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Why your college genetics class sucks

A college lecture hall — just look at all the excited faces.
From greatcollegeadvice.com

Although I am now a practicing geneticist, I hated genetics when I was in school.  My Genetics 101 course followed the same syllabus that colleges all around the country use, a historical outline that emphasizes discovery — the discovery of phenotypic variation (Mendel and his wrinkled peas), the discovery of DNA and its structure (Watson and Crick and Franklin), the discovery of genetic mutation (in Mendel’s case, a disruptive insertion within the rugosus gene).  We’re presented a top-down view of genetics from phenotype (wrinkled versus smooth) to genotype (mutation in rugosus) that should compel us to ask “Why?”  But before the bell ever rings on that first day, most students already know that the answer to this question.  “Why?” lies somewhere in our DNA and we don’t want to discover it all over again.  And, unfortunately, this historical top-down approach doesn’t increase our understanding of genes in the age of whole-genome sequencing.  In response to this problem,  PLoS Biology published the short article, “Why Do We Have to Learn This Stuff?  A New Genetics for 21st Century Students.”  In it, Dr. Rosemary Redfield describes the problems of current genetic courses and offers her own remedies. Continue reading

Everything is Illuminated: Restoration of vision after transplantation of photoreceptors

ResearchBlogging.orgThe retina is a paper-thin layer of tissue found at the back of the eye that allows us to see light.  Without a retina (or the cells that make it up), we’re blind.  Because mutations that cause the retina to break-down affect nearly 1 in 4,000 people world-wide, researchers eagerly study new ways to treat this condition.  So far, they have identified over 50 genes that, when mutated, cause retinal degeneration and blindness.  In fact, some of the earliest successes in gene therapy involved cases of retinal degeneration and blindness. Now researchers are trying something new: retinal transplants, or physically moving cells from healthy eyes to those that are unhealthy.  In a recent study published by Pearson et al. (2012) in Nature (not open-access, sorry), researchers moved rod photoreceptor cells from healthy mice to those that suffered from night-blindness and — boom! — restored vision to the mice. They even have a cool video. Continue reading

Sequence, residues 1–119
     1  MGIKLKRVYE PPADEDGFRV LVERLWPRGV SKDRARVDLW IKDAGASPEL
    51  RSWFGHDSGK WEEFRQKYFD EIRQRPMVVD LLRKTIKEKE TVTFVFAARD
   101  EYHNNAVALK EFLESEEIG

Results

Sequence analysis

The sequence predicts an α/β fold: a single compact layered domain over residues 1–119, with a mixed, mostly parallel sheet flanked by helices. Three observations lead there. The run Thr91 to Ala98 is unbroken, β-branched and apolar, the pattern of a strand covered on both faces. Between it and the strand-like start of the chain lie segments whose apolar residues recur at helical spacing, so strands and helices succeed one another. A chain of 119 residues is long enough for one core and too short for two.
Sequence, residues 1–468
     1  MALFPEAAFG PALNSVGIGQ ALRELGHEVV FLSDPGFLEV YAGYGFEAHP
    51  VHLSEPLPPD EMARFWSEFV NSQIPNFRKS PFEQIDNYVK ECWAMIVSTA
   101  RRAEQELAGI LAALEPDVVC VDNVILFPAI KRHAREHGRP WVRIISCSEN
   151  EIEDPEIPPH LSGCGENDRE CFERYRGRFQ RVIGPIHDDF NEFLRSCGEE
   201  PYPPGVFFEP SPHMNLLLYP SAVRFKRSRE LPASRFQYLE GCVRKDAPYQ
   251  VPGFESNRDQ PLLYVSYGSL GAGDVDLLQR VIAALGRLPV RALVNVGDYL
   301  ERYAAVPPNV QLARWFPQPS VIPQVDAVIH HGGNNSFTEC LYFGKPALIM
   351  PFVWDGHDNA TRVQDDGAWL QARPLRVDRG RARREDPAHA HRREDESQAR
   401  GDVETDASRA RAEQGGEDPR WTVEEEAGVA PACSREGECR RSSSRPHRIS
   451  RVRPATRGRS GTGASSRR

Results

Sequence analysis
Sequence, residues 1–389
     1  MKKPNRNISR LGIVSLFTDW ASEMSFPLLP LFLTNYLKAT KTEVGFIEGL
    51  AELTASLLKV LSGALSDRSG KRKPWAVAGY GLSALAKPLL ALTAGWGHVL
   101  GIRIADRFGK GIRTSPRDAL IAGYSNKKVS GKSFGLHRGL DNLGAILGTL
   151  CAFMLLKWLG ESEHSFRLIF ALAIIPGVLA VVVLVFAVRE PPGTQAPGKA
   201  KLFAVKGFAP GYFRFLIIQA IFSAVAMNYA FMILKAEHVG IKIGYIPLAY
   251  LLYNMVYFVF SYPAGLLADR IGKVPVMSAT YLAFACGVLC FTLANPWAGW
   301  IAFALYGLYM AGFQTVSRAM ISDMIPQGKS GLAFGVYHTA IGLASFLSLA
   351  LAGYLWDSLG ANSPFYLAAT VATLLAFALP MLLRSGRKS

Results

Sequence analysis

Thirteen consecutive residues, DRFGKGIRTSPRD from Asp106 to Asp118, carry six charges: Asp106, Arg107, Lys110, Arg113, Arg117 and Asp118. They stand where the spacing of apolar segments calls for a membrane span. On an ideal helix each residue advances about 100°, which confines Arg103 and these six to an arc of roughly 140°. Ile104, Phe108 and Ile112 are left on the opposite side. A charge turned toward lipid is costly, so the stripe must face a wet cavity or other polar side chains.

Author Margret Atwood on Science and Religion

Margaret Atwood

As both a scientist and a writer, one of my favorite authors to read is Margaret Atwood.  She writes lucid prose that simple yet elegant, and she has a knack for creating fictional worlds that you can just see.  Her best-known works speculate about the future of humans and society, and almost all of them are dark and haunting with only the thinnest silver lining.   Continue reading

Why A Politician’s Opinion of Evolution Matters

Since darwinbookcats is in part a blog about evolution, I’ve recently posted about the scientific opinions of the GOP presidential candidates.  One reason is because these candidates have decided to make their opinions on evolution known.  But a second reason is because these opinions are important.  In a new blog article for the Washington Post, biologist Richard Dawkins explains why. Continue reading